Q2: Draw a neural circuit (composed of an auditory sensor neuron, a motor neuron, and a muscle) that contracts a muscle when the sound amplitude in the environment increases. Use a sensor neuron that is depolarized by increased sound amplitude (remember that depolarization increases its voltage spike activity).

Q3: Draw a neural circuit composed of the same three neurons as in Q2. But now, make the circuit contract the muscle when the sound amplitude in the environment decreases. Hint: you can make any neuron have a “resting” membrane potential above spike threshold (so that it is spiking in the absense of synaptic input).

⏸️ PAUSE here for class-wide discussion


Neuroscience seeks to understand how neural circuits orchestrate behavior. In general, this involves examining all of the following processes:

  1. Sensors must respond to stimuli that contain information about the world.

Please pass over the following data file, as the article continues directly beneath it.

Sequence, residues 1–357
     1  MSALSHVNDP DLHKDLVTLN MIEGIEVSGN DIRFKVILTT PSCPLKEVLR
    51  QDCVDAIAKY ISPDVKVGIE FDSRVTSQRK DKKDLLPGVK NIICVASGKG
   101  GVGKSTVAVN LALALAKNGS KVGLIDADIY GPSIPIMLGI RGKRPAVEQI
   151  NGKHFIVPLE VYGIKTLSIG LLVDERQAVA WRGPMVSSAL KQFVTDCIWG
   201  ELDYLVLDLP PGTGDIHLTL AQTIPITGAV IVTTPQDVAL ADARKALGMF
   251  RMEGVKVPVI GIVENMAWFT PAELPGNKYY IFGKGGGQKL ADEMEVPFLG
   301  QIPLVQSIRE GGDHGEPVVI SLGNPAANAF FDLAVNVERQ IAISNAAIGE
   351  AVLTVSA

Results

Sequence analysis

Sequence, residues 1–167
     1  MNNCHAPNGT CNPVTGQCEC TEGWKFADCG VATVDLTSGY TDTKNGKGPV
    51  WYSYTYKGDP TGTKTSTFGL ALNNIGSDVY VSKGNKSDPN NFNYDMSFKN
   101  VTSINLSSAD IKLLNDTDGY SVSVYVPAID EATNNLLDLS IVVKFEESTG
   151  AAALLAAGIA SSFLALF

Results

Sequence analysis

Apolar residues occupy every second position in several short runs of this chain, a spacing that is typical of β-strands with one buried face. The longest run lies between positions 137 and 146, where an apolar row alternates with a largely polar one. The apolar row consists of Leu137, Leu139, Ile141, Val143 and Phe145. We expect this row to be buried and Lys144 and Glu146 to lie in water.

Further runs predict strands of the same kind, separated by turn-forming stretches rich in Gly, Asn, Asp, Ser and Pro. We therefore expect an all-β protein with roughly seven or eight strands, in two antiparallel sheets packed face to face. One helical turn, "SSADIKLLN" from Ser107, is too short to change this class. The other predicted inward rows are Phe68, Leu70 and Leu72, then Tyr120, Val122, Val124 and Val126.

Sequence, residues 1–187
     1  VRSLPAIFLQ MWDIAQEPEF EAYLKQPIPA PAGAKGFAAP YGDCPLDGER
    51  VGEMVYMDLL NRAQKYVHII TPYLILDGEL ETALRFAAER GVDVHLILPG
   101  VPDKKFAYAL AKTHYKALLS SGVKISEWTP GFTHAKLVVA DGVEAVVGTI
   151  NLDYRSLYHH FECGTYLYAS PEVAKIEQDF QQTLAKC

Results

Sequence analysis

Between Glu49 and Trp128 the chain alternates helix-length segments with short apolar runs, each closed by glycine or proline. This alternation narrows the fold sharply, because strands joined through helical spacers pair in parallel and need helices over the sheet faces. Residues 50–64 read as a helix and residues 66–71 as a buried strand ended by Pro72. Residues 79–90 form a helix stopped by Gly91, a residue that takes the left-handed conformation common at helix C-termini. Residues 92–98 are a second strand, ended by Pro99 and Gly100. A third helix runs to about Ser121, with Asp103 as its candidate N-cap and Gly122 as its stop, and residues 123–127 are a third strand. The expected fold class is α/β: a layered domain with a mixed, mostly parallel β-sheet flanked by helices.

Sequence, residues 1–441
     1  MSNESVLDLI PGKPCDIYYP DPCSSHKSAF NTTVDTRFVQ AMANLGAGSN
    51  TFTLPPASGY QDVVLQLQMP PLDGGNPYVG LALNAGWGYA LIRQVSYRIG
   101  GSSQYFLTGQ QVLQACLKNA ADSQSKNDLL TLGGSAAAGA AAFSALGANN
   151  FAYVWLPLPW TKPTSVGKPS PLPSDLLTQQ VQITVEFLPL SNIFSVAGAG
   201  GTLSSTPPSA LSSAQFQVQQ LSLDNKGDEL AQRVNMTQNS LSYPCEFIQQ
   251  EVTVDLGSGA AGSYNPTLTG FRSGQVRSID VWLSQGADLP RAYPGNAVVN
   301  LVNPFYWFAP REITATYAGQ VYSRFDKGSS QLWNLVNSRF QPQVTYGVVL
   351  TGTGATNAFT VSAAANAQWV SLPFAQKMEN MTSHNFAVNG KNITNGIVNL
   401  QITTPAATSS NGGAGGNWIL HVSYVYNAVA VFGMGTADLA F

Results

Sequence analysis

2. Neurons must use that information and compute with it.

  3. Computations lead to decisions about what actions are needed in response.

  4. Internal factors can also influence action selection.

  5. Neurons then orchestrate actions by dynamically coordinating sets of muscles.

Case Study: Cricket Acoustic Communication


Fig. 29 Acoustic behavior of Gryllus campestris5. A male sings in front of its burrow by rubbing the elevated front wings together. The calling song consists of single sound pulses (syllables) grouped into chirps. This behavior is stereotypically patterned across time. Females attracted by the calling song perform phonotaxis and walks towards the singing male using acoustic cues for orientation. This behavior involves walking and orienting (navigating).

Command versus Pattern